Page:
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samtools on Biowulf & Helix


Samtools is a suite of applications for processing high throughput sequencing data:

Each of the main tools and file formats have their own manpages (e. g. man samtools or man sam).

There may be multiple versions of samtools available. An easy way of selecting the version is to use modules. To see the modules available, type

module avail samtools 

To select a module use

module load samtools/[version]

where [version] is the version of choice.

Some samtools tools are multithreaded. Make sure to match the number of cpus requested with the number of threads.

Notes on releases

For more detailed release notes see the GitHub release pages for htslib and samtools.

Environment variables set



Interactive job on Biowulf

Allocate an interactive session with sinteractive and use similar to the example below. Note that interactive work with samtools should not be done on the biowulf login node nor on helix.

Here we allocate 8GB of memory and 4 CPUs to be used to run more than one compression thread. In addition 30GB of lscratch is used to store temporary files.

biowulf$ sinteractive --mem=8g --cpus-per-task=4 --gres=lscratch:30
salloc.exe: Granted job allocation 17404
node$ module load samtools
node$ cd /data/$USER/test_data

convert sam to bam file - 4 compression threads

node$ samtools view -Sb -@ 4 bam/input.sam > bam/output.bam

Sort and convert sam file - 4 sorting and compression threads. Note that the default memory per thread for the sort can be changed with -m and the default location of the temporary files with -T. Once each thread reads in enough data to fill its memory, it will write the data to a temporary file before continuing. Therefore, for performance it is best to keep the whole sort in memory. If that is not possible, use lscratch for the temporary files.

If the memory per thread is set to a low value for example by not providing a unit [K/M/G], a potentially very large number of temporary files will be created. Please take care to properly set this value. Starting with version 1.4 there is a minimum amount of memory per thread. Check the manpage for details.

node$ samtools sort -O bam -T /lscratch/$SLURM_JOB_ID/read1_250k \
             -@4 -m 1800M bam/read1_250k.bam > bam/read1_250k_sorted.bam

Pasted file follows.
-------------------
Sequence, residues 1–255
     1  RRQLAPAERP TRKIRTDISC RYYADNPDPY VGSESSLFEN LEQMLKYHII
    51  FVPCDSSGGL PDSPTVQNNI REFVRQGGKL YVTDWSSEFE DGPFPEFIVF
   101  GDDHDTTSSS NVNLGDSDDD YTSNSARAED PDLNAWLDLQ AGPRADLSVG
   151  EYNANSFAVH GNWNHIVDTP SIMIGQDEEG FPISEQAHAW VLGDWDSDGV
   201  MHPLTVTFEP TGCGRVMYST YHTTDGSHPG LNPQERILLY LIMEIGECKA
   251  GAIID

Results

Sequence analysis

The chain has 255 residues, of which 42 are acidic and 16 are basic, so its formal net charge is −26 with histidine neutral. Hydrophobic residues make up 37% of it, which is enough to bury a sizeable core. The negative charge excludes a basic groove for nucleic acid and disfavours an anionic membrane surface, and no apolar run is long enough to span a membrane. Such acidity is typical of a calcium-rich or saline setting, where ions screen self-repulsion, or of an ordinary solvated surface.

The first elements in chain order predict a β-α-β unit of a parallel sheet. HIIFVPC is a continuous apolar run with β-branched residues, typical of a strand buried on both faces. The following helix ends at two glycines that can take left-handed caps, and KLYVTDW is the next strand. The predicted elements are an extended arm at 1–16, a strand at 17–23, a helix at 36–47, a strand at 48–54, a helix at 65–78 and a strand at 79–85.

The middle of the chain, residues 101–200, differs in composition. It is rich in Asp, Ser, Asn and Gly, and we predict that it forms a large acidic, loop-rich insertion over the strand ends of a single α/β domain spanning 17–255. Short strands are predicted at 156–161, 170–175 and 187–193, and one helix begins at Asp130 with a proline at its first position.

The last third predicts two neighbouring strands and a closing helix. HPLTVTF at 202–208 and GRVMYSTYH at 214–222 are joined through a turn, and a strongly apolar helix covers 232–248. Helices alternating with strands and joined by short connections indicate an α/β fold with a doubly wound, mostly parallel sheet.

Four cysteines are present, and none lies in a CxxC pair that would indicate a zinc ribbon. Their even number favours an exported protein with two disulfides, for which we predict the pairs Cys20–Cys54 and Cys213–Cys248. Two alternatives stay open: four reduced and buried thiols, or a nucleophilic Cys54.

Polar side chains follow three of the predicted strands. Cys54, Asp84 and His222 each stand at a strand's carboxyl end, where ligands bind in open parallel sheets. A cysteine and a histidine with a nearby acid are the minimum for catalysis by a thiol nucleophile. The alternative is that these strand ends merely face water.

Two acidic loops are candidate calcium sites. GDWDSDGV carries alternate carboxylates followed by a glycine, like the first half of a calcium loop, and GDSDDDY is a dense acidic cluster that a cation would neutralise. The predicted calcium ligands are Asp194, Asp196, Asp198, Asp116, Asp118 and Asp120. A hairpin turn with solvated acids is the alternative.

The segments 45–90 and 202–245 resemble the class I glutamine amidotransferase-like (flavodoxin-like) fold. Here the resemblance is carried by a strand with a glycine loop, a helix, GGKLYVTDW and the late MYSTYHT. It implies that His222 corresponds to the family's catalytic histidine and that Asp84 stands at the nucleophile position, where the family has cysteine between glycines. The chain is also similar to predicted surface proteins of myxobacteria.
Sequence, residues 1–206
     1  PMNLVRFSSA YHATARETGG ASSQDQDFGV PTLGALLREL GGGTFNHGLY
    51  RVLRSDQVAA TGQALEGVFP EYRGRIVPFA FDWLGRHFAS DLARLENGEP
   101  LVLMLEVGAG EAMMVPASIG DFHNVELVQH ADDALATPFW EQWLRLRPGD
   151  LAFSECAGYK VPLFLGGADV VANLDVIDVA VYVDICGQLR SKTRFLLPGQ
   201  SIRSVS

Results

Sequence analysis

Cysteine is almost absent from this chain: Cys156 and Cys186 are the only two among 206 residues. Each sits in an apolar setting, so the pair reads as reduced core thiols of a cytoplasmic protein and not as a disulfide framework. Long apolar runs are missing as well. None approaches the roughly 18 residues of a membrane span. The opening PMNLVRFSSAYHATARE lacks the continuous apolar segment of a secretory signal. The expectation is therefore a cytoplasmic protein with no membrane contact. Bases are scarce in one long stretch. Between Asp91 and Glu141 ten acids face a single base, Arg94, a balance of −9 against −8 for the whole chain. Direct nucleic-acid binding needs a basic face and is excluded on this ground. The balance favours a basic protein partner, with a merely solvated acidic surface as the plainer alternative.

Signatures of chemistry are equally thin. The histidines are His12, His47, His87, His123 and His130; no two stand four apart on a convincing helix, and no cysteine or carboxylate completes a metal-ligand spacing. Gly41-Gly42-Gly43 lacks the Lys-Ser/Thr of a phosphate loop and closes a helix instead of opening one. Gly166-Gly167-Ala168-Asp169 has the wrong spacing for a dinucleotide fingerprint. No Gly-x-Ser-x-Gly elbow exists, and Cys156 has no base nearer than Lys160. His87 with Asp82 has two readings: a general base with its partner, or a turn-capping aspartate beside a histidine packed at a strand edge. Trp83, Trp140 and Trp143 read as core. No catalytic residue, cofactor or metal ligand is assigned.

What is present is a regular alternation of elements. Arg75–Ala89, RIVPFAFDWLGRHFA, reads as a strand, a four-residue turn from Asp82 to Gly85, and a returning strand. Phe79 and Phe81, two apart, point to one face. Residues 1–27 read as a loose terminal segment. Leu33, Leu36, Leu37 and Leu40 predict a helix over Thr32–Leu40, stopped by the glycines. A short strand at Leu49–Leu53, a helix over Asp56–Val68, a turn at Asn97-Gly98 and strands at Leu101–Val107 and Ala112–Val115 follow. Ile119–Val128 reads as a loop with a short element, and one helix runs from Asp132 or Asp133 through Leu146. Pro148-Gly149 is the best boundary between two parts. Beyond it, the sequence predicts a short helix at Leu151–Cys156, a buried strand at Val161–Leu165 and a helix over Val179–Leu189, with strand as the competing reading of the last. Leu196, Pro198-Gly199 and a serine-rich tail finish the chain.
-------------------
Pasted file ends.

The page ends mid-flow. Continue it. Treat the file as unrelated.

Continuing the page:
Index the resulting bam file and get some basic stats.

node$ samtools index bam/read1_250k_sorted.bam
node$ samtools flagstat bam/read1_250k_sorted.bam
     170016 + 0 in total (QC-passed reads + QC-failed reads)
     0 + 0 secondary
     0 + 0 supplementary
     0 + 0 duplicates
     170016 + 0 mapped (100.00%:-nan%)
     0 + 0 paired in sequencing
     0 + 0 read1
     0 + 0 read2
     0 + 0 properly paired (-nan%:-nan%)
     0 + 0 with itself and mate mapped
     0 + 0 singletons (-nan%:-nan%)
     0 + 0 with mate mapped to a different chr
     0 + 0 with mate mapped to a different chr (mapQ>=5)

Much more detailed stats (coverage, GC content, quality, ...)

node$ samtools stats bam/read1_250k_sorted.bam

Bgzip and index a vcf file:

node$ bgzip -c vcf/gcat_set_053_raw.vcf > vcf/gcat_set_053_raw.vcf.gz
node$ tabix vcf/gcat_set_053_raw.vcf.gz

Accessing data stored on Amazon AWS and Google cloud storage

Access public data via https or on Amazon S3 and Google cloud storage (GCS). Only version 1.4 and newer support both protocols:

node$ module load samtools/1.4
node$ samtools view \
https://storage.googleapis.com/genomics-public-data/platinum-genomes/bam/NA12877_S1.bam \
chr20:100000-100001 | head -5
[M::test_and_fetch] downloading file 'https://storage.googleapis.com/genomics-public-data/platinum-genom es/bam/NA12877_S1.bam.bai' to local directory
node$ samtools view \
s3://1000genomes/phase1/data/NA12878/exome_alignment/NA12878.mapped.illumina.mosaik.CEU.exome.20110411.bam \
[M::test_and_fetch] downloading file 's3://1000genomes/phase1/data/NA12878/exome_alignment/NA12878.mappe d.illumina.mosaik.CEU.exome.20110411.bam.bai' to local directory
node$ unset GCS_OAUTH_TOKEN
node$ samtools view \
gs://genomics-public-data/platinum-genomes/bam/NA12877_S1.bam \
chr20:100000-100001 | head -5

Note that if you have the environment variable GCS_OAUTH_TOKEN set the last command will fail with a permissions error. This variable is, however, needed to access data in your private GCS buckets.